the replacement will be a Generac.  See if he still thinks it needs replacing.  Bet
he changes his tune.

From: John De Armond
Newsgroups: rec.outdoors.rv-travel
Subject: Re: Onan Generator low operating voltage
Date: Fri, 10 Aug 2007 20:56:23 -0400
Message-ID: <>

On Fri, 10 Aug 2007 16:26:31 -0700, mrehmus <> wrote:

>I'd like to accummulate a list of good service shops around the US.
>Maybe that should be a separate location or group or whatever (or is
>there already such an animal?)

That's not possible simply because the quality is mainly with the individual
mechanics and not the shop.  Even good mechanics tend to be flighty, moving to where
they perceive the slightly better money to be.

The best mechanics are going to be the independents like Chris.  If the independent
has been in business awhile and has a track record then he has to be good.  Otherwise
he'd be starving.  Or working for CW.

At a shop, rough estimate of quality will be a combination of the flat rate labor
rate AND the percentage that they pay the mechanics.  A good shop will pay the
mechanic at least 50% of the flat rate and many times more.  The high pay tends to
attract the best mechanics.  At the same time you need to find out what the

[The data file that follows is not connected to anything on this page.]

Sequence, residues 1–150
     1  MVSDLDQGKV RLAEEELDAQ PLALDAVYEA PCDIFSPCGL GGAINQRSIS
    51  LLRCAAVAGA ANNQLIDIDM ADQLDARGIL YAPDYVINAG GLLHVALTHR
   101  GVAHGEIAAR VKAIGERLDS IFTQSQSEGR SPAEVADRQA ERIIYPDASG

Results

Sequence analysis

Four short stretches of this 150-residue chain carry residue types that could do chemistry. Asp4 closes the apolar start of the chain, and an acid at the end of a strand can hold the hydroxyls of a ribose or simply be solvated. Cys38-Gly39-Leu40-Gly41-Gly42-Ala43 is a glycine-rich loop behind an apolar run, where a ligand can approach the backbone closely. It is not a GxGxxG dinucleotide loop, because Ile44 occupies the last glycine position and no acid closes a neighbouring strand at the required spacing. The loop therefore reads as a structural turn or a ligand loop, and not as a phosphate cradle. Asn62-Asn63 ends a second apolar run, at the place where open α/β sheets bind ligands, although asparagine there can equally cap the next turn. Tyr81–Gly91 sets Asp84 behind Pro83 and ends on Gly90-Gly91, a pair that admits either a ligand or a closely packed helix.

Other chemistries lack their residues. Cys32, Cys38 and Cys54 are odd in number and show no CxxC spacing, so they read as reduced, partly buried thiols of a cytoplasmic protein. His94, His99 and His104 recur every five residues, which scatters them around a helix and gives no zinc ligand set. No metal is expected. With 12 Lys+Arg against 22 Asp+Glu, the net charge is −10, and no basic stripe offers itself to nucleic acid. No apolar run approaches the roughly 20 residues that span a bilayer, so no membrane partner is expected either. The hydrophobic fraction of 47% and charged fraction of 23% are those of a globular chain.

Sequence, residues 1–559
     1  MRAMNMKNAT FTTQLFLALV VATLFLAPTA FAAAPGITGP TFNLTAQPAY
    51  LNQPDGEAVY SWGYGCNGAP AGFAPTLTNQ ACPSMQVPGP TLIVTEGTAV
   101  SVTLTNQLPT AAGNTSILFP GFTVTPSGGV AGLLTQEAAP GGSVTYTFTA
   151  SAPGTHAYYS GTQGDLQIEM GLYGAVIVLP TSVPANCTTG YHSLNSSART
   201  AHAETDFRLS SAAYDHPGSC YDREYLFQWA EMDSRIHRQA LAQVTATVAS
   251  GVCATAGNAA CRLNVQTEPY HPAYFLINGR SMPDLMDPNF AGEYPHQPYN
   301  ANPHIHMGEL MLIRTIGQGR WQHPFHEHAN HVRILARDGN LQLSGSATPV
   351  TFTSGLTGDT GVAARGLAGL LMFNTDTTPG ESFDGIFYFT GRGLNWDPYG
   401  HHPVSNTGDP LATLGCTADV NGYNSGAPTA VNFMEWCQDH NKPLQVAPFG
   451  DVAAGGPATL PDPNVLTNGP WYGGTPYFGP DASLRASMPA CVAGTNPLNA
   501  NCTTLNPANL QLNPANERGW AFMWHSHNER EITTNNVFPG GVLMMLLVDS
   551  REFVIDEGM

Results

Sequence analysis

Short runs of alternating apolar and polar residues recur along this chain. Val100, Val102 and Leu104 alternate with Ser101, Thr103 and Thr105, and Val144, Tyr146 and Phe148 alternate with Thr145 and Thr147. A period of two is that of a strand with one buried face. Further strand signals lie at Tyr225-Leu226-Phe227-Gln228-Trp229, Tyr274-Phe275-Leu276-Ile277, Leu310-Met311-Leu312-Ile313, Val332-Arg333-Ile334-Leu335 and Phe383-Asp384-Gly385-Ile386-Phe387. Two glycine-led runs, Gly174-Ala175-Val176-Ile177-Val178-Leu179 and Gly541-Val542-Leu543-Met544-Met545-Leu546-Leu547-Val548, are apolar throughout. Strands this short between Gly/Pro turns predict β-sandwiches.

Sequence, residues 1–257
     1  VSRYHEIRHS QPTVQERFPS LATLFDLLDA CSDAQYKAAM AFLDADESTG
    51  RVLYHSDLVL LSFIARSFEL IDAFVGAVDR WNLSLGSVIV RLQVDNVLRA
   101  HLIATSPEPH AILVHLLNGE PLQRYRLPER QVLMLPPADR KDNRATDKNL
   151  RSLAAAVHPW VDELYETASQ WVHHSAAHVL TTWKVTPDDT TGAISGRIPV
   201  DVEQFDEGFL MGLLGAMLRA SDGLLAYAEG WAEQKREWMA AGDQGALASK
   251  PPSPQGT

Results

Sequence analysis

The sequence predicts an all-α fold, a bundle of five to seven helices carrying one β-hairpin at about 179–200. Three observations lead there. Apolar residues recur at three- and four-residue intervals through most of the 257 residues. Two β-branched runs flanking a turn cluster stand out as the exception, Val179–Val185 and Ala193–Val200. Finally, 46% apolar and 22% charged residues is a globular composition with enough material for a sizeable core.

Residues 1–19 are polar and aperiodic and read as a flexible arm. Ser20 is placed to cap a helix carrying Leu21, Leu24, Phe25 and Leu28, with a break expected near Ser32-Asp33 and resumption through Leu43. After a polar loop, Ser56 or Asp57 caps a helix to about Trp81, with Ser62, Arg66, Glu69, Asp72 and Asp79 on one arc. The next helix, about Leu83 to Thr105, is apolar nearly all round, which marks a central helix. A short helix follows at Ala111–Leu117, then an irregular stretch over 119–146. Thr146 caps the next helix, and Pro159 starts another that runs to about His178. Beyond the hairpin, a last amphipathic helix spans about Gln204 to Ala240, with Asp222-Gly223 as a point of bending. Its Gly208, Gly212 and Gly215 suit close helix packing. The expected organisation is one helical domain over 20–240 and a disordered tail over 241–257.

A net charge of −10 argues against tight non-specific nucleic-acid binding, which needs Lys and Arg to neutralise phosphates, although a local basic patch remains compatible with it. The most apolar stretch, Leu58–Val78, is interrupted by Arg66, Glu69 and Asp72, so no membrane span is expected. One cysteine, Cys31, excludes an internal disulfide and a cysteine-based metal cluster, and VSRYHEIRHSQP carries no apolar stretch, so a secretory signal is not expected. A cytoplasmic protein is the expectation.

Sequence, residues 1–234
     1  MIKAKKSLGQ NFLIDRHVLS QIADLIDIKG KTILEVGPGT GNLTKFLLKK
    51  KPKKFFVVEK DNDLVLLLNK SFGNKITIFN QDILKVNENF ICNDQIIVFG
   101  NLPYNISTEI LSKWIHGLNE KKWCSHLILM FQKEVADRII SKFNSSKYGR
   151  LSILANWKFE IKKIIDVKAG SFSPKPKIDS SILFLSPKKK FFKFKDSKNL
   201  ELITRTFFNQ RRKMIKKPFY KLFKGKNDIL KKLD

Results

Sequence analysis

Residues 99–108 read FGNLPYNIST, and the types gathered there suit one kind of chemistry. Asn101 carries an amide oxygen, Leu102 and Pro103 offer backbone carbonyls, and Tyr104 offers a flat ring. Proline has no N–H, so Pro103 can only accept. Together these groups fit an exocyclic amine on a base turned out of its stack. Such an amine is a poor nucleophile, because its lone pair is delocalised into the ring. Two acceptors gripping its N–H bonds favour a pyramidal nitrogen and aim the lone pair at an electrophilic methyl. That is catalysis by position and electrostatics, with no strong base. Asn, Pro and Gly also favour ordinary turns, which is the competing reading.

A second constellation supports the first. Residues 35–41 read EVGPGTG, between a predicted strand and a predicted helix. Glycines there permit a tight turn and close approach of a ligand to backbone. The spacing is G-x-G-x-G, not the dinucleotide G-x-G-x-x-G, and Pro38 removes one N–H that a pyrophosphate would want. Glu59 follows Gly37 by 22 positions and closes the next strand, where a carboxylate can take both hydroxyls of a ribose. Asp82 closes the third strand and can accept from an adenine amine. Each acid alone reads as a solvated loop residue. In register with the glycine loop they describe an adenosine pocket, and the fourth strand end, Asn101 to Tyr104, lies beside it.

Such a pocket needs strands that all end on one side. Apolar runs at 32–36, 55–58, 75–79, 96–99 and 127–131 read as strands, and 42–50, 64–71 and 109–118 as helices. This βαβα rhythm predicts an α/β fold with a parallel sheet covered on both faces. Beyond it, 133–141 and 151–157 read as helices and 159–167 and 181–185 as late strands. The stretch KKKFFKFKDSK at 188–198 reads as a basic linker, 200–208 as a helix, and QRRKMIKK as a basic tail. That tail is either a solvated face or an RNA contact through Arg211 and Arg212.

"come-back penalty" is.  That is, what does it cost the mechanic when a repair comes
back and the fault is obviously his.  A good policy is that it costs him his entire
commission for the job.  Even better is full commission forfeiture plus he pays for
the rework.

I worked at a very good motorcycle dealership in high school and college and those
were the policies.  I used the same ones when I had a Datsun Z specialty shop.  I had
my pick of area mechanics :-)

Given the dollars at stake, I'd not hesitate to come right out and ask.  If a shop
won't tell you then perhaps it's time to find another shop.

A good list to compile if you want to spend the time, is a list of independent
mechanics and how long they've been in business.  Now THAT would be handy.